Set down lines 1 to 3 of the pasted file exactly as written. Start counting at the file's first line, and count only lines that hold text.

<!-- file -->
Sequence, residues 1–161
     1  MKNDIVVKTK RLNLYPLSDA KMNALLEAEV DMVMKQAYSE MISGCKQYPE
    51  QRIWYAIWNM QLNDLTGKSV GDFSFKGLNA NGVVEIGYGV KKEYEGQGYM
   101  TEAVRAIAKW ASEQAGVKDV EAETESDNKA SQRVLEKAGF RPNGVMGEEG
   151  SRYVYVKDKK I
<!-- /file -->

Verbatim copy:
Sequence, residues 1–161
     1  MKNDIVVKTK RLNLYPLSDA KMNALLEAEV DMVMKQAYSE MISGCKQYPE
    51  QRIWYAIWNM QLNDLTGKSV GDFSFKGLNA NGVVEIGYGV KKEYEGQGYM